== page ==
Today is our last day of #30daysoftravelthroughcinema! I hope wherever you are and whatever you are doing during this pandemic and our time of self-isolation that this series has brought you some hope and joy. The hope that one day you can travel to see all of the places we have explored over the last month and joy that there is still beauty in this world. I have saved one of my favorite movies for last.
We are traveling back to Tokyo on our last day together as armchair travelers and experiencing Cary Grant’s visit to Japan during the 1964 Summer Olympic Games. “Walk Don’t Run” is Grant’s last film and the only movie in which he did not get the girl (he already had one: his wife of over two decades). He plays Sir William Rutland, a British businessman who does a considerable amount of business with Japan. When he has a meeting there, he decides to come two days early, and two days before the start of the Olympic games, so he can go home in time for his and his wife’s anniversary.
When he fails to find a place to spend the night, because of the current housing shortage during the Olympics, he responds to an ad at the embassy offering to sublet an apartment. Christine Easton (Samantha Eggar) had no idea a man would respond to the ad. But because she felt as though it is her “patriotic duty” to provide housing to her fellow British citizens, she sublets her apartment to Mr. Rutland.
Later, Mr. Rutland meets an American, Steve Davis (Jim Hutton), who is an architect and a member of the United States Olympic Walking team. Yes. You read that correctly – walking team. He arrived two days early as well, and he, along with Mr. Rutland, convinced her it was her “patriotic duty” to help her fellow man and sublet her apartment again for Steve.
Steve: Can’t you stop being nosy for one minute?
William: I don’t think so.
We soon discover Ms. Easton has a fiance, and it just happened to be the British Diplomat, Julius D. Haversack (John Standing), who was unable to help Mr. Rutland at the embassy upon his arrival. It may seem purely comedic; however, the story is loving and memorable. The on-screen chemistry between Eggar and Davis and the gentle, grandfatherly type relationship between them and Mr. Rutland makes this one of my top favorite movies of all time.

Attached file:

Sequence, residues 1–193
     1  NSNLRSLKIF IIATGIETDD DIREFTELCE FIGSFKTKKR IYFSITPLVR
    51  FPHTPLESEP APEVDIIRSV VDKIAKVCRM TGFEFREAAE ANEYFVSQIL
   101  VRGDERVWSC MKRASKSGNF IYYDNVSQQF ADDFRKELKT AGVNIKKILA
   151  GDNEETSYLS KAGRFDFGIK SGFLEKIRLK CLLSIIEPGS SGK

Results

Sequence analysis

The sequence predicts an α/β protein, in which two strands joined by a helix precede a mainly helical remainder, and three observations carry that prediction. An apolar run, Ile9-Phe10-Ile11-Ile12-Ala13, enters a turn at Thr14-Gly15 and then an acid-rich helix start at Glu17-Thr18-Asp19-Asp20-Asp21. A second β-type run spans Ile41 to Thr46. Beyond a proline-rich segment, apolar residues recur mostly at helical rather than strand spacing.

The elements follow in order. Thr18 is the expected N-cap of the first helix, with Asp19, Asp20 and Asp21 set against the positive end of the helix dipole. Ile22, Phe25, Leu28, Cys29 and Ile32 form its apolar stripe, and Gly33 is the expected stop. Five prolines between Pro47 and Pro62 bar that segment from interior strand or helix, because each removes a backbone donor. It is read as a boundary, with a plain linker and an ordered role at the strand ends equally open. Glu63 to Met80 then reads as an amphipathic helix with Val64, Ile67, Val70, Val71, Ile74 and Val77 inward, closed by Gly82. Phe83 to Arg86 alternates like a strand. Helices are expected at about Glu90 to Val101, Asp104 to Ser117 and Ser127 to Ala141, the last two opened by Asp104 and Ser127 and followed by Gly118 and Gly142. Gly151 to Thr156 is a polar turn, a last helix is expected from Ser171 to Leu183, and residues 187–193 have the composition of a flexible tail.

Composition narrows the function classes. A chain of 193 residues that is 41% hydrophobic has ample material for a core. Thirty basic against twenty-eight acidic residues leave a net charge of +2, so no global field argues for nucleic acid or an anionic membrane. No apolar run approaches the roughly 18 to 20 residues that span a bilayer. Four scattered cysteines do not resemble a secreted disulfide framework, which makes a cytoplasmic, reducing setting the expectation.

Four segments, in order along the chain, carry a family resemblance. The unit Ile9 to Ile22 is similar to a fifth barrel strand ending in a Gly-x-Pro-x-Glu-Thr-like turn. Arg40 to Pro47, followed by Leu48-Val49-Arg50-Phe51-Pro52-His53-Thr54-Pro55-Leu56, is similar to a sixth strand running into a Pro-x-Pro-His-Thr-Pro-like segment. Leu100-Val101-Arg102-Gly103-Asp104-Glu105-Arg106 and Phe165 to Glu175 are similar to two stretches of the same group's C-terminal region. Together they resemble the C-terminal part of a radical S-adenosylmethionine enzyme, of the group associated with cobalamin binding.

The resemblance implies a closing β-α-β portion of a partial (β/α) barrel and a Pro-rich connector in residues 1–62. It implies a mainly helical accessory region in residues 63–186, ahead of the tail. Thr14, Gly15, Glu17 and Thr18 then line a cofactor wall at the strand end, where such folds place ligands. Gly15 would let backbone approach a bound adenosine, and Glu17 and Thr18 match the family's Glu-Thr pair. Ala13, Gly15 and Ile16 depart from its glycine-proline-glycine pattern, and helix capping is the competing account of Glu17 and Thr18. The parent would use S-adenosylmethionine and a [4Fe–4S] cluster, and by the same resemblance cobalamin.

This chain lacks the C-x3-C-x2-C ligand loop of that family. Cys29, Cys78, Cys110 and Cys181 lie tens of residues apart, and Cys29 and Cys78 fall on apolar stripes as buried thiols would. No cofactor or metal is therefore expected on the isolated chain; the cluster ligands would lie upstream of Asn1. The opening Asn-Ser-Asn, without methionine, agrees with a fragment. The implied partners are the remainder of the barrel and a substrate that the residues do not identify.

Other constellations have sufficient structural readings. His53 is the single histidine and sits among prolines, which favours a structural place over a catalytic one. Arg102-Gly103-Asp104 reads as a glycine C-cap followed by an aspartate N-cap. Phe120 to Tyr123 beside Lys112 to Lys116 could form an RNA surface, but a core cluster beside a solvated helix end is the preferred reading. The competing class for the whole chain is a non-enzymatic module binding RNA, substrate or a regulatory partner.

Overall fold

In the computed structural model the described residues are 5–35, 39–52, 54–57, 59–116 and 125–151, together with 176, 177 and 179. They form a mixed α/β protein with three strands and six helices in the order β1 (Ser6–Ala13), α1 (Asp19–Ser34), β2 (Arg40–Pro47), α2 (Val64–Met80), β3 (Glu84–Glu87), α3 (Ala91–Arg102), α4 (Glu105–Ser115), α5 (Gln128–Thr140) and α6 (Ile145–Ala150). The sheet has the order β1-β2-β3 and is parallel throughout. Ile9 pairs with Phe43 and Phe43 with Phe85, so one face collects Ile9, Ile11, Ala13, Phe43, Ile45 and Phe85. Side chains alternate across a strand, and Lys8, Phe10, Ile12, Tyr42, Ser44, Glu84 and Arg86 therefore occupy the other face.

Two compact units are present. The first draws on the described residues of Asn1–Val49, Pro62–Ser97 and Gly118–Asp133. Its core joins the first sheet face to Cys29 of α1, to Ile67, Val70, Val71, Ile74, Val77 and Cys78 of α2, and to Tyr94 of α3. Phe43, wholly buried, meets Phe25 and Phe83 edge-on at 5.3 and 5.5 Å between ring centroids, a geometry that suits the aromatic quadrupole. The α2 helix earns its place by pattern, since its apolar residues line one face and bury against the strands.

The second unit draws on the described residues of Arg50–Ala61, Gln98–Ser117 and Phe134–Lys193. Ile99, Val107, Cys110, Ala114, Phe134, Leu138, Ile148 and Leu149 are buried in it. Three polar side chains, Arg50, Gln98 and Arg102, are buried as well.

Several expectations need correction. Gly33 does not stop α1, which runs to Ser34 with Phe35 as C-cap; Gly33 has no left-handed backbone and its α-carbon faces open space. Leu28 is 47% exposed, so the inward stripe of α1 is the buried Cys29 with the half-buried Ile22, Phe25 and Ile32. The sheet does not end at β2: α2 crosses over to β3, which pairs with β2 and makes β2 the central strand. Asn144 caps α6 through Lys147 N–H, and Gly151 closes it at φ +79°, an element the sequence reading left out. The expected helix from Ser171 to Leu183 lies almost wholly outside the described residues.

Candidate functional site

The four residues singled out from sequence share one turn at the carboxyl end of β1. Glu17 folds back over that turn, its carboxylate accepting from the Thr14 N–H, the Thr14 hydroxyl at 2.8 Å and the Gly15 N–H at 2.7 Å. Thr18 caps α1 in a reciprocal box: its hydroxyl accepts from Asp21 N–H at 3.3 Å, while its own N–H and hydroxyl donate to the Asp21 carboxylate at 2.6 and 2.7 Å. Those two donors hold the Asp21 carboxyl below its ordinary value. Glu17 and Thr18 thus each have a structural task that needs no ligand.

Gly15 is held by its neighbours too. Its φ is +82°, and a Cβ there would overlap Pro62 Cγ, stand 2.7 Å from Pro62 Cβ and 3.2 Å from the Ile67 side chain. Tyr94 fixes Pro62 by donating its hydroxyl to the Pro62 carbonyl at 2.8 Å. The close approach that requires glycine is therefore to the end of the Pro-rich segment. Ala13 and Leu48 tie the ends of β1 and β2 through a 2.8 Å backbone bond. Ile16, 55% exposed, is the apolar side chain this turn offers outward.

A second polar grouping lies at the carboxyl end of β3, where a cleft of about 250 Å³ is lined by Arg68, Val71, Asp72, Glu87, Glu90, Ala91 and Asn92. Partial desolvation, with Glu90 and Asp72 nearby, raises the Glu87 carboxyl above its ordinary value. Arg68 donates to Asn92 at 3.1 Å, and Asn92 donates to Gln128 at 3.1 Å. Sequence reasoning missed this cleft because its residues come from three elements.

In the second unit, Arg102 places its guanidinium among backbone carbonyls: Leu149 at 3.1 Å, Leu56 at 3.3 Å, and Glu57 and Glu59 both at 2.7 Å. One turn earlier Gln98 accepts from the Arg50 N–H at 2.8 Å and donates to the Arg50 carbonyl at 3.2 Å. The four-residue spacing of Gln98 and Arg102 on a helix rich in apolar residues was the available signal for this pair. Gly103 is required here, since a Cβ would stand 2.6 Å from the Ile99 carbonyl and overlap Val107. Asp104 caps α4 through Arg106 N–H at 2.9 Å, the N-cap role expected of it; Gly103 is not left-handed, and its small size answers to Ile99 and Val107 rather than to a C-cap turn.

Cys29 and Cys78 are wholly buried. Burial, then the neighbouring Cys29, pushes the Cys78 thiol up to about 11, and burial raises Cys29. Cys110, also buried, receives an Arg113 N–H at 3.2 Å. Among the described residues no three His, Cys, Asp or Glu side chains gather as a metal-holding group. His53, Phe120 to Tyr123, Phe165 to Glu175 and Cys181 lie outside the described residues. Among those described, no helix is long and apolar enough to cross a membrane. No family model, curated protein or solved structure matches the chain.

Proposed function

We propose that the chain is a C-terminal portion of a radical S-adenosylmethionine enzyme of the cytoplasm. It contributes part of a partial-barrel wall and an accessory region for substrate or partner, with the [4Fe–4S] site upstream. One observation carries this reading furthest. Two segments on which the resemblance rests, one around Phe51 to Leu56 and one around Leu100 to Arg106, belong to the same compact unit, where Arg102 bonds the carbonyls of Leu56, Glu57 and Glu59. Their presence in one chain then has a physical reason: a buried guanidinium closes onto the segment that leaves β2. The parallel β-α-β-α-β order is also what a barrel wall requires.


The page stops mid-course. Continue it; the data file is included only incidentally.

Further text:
The story is based on the 1943 comedy about the housing shortage in Washington D.C. during World World II called “The More the Merrier.” Rotten Tomatoes gives “Walk Don’t Run,” a critics score of 83% and an audience score of 70% but ignore this. They obviously have not seen the film in its entirety. Regardless of your favorite film genre, I believe everyone will find this classic to be endearing. Charming Cary Grant in an exciting country and during the 1964 Summer Olympics. It was filmed entirely in Tokyo including Shimbashi and Hotel Okura. This comedic and heartwarming film always leaves me with a smile, and this is rare considering how many movies and shows I have seen and books I have read.
We have now come to the end of our film series. Stay tuned for many future adventures. If you have been following along, please comment and share. I would love to hear how your armchair travels are going.
Until next time, stay safe and don’t forget, I will still be practicing the six feet apart rule after the pandemic is over.